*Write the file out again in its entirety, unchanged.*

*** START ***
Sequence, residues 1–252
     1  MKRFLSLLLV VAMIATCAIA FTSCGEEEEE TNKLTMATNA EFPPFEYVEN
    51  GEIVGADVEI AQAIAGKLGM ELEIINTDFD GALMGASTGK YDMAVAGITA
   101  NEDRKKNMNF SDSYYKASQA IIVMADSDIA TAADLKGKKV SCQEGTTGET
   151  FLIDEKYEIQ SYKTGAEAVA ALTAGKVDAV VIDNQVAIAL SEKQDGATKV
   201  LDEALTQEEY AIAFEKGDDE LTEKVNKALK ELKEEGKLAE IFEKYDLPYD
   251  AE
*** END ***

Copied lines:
Sequence, residues 1–252
     1  MKRFLSLLLV VAMIATCAIA FTSCGEEEEE TNKLTMATNA EFPPFEYVEN
    51  GEIVGADVEI AQAIAGKLGM ELEIINTDFD GALMGASTGK YDMAVAGITA
   101  NEDRKKNMNF SDSYYKASQA IIVMADSDIA TAADLKGKKV SCQEGTTGET
   151  FLIDEKYEIQ SYKTGAEAVA ALTAGKVDAV VIDNQVAIAL SEKQDGATKV
   201  LDEALTQEEY AIAFEKGDDE LTEKVNKALK ELKEEGKLAE IFEKYDLPYD
   251  AE